The Great Absence in Photography

Thanks to the advances in digital technology over the last couple of decades, photographs of the world around us are as prolific as they are impressive. There are some astonishing images on public photo sharing sites, created by people who merely love to explore their creativity. They are not professionals, and have no aspirations to become full time photographers.

But amidst all the colour, the HDR, and the amazing effects applied in post-processing, there is one thing that stops me in my tracks every time. It’s the ‘hook’ that first got me into photography.


For me a photograph is not about what’s in the picture, but what isn’t. It’s the opportunity to block out all the fuss and busy in the world and just for that second, draw all attention to a single observation. And when we’re forced to concentrate on that one thing, it deepens. We look harder and it draws us in again.

Something else happens with absence. The brain starts to generate questions about the missing information.

This is one of my favourite photographs of all time. “Equus on Blue” by Tim Flach. Apart from the obvious equestrian theme, I particularly love the composition, the colours, and the contrast of the horse’s red coat against the blue. I love the light and the bubbles and the feeling of suspended strength.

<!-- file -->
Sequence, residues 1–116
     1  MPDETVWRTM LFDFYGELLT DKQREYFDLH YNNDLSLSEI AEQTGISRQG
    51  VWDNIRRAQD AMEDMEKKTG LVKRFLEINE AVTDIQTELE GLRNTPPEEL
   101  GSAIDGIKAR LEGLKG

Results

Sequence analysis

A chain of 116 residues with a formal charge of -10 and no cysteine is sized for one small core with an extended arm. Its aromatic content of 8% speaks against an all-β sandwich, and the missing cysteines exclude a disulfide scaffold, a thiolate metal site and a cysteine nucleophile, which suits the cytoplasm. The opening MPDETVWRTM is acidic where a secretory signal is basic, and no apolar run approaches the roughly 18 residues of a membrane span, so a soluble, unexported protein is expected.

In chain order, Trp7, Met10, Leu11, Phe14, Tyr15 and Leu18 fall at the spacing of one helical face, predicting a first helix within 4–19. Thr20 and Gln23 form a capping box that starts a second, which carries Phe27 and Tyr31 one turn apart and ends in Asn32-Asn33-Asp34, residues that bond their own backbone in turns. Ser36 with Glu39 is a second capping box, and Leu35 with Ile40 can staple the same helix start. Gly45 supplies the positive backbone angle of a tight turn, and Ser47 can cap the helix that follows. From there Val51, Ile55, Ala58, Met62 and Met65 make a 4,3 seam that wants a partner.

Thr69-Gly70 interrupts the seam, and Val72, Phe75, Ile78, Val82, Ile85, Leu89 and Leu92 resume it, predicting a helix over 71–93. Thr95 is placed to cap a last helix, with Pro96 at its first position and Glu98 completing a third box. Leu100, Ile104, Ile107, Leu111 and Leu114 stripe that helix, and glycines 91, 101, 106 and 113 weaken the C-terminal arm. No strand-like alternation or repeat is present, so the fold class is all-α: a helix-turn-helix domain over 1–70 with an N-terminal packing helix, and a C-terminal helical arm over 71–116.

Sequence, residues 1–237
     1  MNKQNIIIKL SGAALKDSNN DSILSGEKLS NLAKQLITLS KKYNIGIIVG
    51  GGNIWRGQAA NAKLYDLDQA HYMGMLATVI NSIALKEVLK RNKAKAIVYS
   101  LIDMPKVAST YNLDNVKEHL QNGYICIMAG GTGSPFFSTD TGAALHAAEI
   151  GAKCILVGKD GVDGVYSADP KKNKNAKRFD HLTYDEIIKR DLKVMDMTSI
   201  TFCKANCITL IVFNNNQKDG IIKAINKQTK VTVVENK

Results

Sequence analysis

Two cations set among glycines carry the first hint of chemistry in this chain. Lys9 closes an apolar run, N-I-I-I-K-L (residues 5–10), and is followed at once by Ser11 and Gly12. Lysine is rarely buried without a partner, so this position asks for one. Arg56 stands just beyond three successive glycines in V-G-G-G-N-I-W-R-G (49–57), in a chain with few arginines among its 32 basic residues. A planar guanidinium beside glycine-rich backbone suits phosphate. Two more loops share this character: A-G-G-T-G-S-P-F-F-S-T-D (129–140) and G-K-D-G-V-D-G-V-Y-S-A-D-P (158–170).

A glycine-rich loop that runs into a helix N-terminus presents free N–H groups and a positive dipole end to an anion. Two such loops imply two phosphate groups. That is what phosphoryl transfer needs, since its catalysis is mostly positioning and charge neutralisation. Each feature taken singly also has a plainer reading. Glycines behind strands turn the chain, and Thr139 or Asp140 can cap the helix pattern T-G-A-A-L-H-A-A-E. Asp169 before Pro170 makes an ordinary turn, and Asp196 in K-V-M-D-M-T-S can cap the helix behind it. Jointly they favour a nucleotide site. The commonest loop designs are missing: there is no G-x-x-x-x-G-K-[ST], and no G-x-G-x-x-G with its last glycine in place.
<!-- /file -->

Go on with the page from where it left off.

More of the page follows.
The thing that really intrigues me though is though is the absence. The information that isn’t there. I find myself a little bit nervous about it somehow and the overall effect holds me in a conflict of anxiety and admiration.

photo of horse swimming in pool, Tim Flach's Equus in Blue

"Equus on Blue" by Tim Flach

When I first saw this photo I got that rush of familiarity that only comes during a moment of deep and profound connection.  If you’ve had that feeling yourself, you’ll know what I’m referring to. If not, the only way I can describe it, is that it’s as if the core of you is made from guitar strings – and the artist has slowly run their thumb across them. The feeling resonates through you, and for as long as the strings sound you are held in that moment.

Some people say that such works of art have this effect every time they see them. For others it’s a diminishing return, like a fix.

This photo always leaves me with questions. And I love it.

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